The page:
The Mogambo Guru is quoted frequently in Barron’s, The Daily Reckoning and other fine publications.

Mundus est omnis divisa in partes tres.

One part is the best part to live in. Another is the best place to make money. And the third is the best place to lose it.

One part is this Old World where we have our Daily Reckoning office – Europe. It is like a museum, friends say. It is rigid, say economists. It is politically and militarily irrelevant, say the neo-conservatives. It refuses to change, the world-improvers complain. But that is what we like about it; Europe has few of the virtues we detest and many of the vices we esteem. "The French are cynical scofflaws," say critics. "The French are cynical scofflaws," we agree, admiringly. The Old World is the best part of the world to live in. The food is good. There are few policemen. You can still smoke. You can drive fast. Avoiding taxes is not a crime. Women are pretty. The towns are charming. The scenery is attractive. And you don’t have to take your shoes off in order to get on an airplane.

There’s a time and a place for everything. The best place to lose money is the New World. Stocks still trade at historical high multiples of earnings. Whenever they are so expensive, there is little likelihood that investors will make money…and a high likelihood that they will lose it. Houses are expensive, too. There is a real estate bubble on both coasts. In California, applications for real estate licenses rose 200% in the last two years. In Washington, housing is rising twice as fast as the national average…and the real estate speculators are so young that they have no idea what they are doing; they were still in high school when tech stocks blew up. Even Alan Greenspan says he is concerned about "froth" in the housing market.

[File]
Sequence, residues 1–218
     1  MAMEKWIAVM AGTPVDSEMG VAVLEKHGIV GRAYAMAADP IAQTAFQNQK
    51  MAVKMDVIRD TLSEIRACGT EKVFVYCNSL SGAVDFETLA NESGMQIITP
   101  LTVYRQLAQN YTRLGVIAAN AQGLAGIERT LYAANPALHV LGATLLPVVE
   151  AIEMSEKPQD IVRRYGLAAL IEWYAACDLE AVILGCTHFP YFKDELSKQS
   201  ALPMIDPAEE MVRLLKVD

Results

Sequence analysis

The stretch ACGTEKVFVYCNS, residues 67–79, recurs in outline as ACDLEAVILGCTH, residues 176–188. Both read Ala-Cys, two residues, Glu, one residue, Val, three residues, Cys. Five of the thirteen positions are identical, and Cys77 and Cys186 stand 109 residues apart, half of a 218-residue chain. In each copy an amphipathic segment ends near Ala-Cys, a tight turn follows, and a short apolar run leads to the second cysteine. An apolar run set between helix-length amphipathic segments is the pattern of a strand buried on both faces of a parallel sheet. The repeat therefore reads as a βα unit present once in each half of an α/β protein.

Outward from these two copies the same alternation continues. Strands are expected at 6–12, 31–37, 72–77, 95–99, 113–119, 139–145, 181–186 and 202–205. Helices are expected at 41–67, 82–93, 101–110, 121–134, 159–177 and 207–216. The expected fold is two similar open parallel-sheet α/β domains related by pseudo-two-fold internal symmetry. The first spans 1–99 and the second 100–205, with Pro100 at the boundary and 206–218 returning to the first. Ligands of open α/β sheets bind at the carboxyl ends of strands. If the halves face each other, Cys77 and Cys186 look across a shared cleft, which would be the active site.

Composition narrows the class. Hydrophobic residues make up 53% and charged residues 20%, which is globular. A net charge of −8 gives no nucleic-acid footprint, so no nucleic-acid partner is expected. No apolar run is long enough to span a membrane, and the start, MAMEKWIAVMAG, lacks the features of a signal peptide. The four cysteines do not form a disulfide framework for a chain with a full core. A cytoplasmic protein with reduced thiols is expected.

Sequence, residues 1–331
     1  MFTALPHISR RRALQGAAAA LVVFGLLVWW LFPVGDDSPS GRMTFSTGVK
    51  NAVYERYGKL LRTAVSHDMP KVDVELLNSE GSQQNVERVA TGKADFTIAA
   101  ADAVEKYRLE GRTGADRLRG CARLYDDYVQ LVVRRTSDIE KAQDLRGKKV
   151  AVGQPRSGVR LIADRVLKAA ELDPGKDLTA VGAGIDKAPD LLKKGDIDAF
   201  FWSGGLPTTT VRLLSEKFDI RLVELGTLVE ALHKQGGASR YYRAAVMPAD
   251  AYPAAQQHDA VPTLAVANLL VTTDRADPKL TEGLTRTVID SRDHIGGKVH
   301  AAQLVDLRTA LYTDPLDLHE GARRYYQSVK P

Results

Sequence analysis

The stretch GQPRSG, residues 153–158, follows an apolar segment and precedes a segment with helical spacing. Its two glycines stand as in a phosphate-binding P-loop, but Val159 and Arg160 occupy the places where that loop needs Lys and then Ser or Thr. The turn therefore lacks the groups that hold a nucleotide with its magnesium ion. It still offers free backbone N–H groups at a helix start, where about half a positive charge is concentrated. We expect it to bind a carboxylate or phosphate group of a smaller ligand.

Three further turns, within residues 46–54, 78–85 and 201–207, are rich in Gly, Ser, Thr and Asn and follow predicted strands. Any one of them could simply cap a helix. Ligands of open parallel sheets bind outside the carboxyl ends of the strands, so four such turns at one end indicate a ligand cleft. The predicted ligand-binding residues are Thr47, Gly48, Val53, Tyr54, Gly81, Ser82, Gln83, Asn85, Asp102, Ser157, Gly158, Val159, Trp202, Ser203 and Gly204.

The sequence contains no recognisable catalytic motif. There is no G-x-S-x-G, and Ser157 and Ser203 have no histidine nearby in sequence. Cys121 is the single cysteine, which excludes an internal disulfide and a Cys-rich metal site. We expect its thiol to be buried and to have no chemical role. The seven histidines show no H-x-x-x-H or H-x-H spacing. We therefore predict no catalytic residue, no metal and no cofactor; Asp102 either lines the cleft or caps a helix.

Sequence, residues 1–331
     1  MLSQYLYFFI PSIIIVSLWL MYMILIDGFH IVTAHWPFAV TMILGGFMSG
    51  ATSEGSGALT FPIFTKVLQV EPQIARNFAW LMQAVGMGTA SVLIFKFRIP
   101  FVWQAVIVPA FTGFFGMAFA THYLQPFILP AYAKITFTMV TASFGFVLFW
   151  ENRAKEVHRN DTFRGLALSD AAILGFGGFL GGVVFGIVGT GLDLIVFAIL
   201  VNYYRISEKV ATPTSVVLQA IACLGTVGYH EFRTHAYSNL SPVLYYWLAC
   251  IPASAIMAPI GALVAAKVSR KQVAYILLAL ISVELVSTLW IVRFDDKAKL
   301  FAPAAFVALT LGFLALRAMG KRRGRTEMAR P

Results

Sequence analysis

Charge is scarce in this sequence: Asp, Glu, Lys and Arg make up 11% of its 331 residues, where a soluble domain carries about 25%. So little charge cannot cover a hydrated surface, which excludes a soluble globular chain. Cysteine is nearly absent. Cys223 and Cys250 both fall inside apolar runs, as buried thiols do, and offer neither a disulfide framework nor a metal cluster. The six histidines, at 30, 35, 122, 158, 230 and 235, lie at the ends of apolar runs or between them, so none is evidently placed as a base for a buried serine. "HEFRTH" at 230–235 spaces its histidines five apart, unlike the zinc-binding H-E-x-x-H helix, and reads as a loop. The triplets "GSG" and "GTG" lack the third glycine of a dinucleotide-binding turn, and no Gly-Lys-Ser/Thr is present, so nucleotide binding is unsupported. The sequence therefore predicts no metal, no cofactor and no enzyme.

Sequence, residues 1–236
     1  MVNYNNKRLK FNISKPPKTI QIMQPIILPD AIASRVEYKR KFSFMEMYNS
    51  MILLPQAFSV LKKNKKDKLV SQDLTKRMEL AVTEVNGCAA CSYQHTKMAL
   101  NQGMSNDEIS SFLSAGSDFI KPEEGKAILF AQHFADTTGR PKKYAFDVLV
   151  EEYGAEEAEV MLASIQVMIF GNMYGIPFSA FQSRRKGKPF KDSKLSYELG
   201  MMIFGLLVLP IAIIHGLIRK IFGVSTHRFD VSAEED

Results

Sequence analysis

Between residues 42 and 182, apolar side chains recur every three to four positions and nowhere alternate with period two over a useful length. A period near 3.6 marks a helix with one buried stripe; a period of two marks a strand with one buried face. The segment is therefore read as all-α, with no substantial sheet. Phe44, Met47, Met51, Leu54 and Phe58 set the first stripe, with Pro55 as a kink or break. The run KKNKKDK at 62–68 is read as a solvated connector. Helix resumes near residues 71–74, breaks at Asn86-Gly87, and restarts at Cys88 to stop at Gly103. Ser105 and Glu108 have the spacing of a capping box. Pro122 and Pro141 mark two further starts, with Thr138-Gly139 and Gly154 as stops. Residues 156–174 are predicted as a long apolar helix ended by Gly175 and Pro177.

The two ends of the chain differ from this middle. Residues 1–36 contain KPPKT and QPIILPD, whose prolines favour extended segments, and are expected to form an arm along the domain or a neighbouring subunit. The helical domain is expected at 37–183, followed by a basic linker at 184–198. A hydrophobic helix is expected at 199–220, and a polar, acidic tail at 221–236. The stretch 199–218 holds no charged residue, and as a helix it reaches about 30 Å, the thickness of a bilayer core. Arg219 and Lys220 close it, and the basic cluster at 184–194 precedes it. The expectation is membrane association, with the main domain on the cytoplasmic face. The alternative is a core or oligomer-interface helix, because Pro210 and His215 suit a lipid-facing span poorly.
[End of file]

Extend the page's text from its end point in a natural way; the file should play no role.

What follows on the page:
The best place to make money, on the other hand, is in the Far East. While America’s empire is probably peaking out…the next one is rising quickly. Shanghai is putting up the world’s tallest buildings, the world’s biggest airport, and the fastest monorail (268 mph). The economy is growing at 13% annually – nearly four times as fast as America. And it’s real growth – not merely an increase in consumption. Shanghai is enjoying a real estate bubble too, according to a report from Bloomberg. Prices are soaring, up 19% in the first quarter alone. The Chinese property market is likely to blow up – just as America’s will.